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PostPosted: Thu Aug 24, 2017 8:28 am 
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Hello all,

I am currently studying for my PPL Written and I was wondering if the notes in Sharpers Edge are really all I need to study for the test. I've heard a few people say that all they've studied is the Sharpers Edge book and the Canadian Private Pilot Answer Guide and they got 90% on the test...not sure why exactly, but I find that hard to believe. I ask because I've been reading from the ground up and haven't really learned much from it, and I think I've learned more from Sharpers Edge. So if sharpers edge is really all I need, I would just store away my from the ground up copy and solely study sharpers edge. Also how do you guys recommend that i study for the test, should I break down the 4 topics into sections and spend a certain amount of hours a day on each section, or study one full topic then move onto the next, etc.

Thanks.



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PostPosted: Thu Aug 24, 2017 9:48 am 
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I liked the Sharper Edge books. I found the PPL and CPL books to be very useful in conjunction with FTGU, the AIM, and the Weather Manual. The ATPL Sharper Edge book on the other hand I would avoid. It was not very good.

The Sharper Edge book has a lot of good questions in it that will prepare you for the exam. They have good diagrams and visuals. Also download and print the practise exams from TC's site. They are helpful. If you have a few bucks to spend, buy the Dauntless PPL app on your phone/ipad. Run through all the questions.



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PostPosted: Thu Aug 24, 2017 9:48 am 
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Well, fledging young eagle:

Let me share this with you.

After you pass the tests. You will be issued a PLL. :rock: :rock: yeah!

Now you face a much more difficult test. Every time you fly. And the failure to pass can mean bent metal, injury or death.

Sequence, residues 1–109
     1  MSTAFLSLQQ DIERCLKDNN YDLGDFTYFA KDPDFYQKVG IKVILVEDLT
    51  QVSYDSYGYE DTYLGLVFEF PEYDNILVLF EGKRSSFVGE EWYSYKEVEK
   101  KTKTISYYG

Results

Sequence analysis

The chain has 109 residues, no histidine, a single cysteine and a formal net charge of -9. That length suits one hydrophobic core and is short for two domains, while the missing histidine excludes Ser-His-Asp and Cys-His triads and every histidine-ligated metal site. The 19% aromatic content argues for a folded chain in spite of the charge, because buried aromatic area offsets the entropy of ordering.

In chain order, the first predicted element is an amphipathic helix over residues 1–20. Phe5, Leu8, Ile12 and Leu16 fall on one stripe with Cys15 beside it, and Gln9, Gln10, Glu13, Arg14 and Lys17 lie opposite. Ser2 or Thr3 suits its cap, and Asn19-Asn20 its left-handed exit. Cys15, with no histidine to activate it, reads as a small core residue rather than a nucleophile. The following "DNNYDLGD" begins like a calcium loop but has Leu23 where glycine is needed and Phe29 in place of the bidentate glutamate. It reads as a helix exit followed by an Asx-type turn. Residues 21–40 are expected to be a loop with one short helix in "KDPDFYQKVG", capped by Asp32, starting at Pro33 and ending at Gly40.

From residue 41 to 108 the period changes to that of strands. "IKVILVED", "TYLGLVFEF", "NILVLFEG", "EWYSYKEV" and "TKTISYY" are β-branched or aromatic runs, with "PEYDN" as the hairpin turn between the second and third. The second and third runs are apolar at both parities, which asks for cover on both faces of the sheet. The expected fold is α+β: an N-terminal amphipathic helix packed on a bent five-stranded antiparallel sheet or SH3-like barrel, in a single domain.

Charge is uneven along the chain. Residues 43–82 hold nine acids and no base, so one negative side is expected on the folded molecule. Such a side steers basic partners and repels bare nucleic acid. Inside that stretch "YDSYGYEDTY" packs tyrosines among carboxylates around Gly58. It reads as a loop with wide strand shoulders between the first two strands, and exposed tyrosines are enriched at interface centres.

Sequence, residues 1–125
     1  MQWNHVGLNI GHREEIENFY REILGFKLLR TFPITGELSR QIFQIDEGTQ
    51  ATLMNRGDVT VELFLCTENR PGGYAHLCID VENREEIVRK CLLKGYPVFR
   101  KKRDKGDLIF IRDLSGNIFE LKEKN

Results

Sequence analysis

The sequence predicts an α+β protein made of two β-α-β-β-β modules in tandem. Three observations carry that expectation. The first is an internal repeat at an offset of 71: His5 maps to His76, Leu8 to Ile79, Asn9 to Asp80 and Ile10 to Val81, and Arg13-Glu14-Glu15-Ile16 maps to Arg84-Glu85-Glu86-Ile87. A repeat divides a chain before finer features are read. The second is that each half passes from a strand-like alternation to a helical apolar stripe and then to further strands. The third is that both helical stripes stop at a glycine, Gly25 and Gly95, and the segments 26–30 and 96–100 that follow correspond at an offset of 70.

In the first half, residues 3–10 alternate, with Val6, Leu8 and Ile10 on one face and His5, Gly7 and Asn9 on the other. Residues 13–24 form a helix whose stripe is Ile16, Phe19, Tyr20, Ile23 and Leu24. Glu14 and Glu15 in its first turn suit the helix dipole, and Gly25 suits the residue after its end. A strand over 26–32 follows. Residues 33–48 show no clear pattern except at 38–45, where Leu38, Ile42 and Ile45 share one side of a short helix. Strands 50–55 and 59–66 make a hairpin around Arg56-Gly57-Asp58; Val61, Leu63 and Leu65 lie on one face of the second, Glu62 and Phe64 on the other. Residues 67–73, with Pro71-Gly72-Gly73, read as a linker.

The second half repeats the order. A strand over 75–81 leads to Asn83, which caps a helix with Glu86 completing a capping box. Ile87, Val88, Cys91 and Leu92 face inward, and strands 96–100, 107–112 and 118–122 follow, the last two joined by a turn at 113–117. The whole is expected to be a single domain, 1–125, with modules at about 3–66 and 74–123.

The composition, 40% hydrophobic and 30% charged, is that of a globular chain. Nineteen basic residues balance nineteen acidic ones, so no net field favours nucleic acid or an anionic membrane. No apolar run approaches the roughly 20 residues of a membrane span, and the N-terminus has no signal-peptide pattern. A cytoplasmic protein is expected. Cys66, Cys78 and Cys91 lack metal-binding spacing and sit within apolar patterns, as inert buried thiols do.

There will be no shortcuts, answer keys, study guides. You actually have to know things.

FTGU. Has been around since before I started to fly decades ago. It has been updated, and is excellent. If you are not getting much out of it, you might want to ponder why not. The problem might just not be FTGU.

If you know your stuff, really all you need to do is become familiar with the wordings of a TC exam...last time I saw a FTGU, they even had practice exams in them.

The Flight training manual , and whatever Weather Ways is called now are two essential reference books. You will be dealing with weather for the rest of your flying career. Understand it...easier said than done. Never forget that you will be tested on weather on every flight for the rest of your life. Lots of accident stats to show who failed.

The point here is stop trying to take shortcuts. I know FTGU can be difficult reading for some, but work through it...for both knowledge and understanding...

Despite what people say, the TC exams are not all that difficult...if you know your stuff.

Now quit spending time here and get on the books. Best of luck in your studies



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PostPosted: Thu Aug 24, 2017 10:07 am 
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Have to agree with trey kule 100%. I have been flying for 35+ years and still re-read the FTGU, Flight Training Manual and Air Command Weather Manual(up dated versions) every couple of years. I have read lots of other books but still always recommend those 3 as must know and more importantly understand.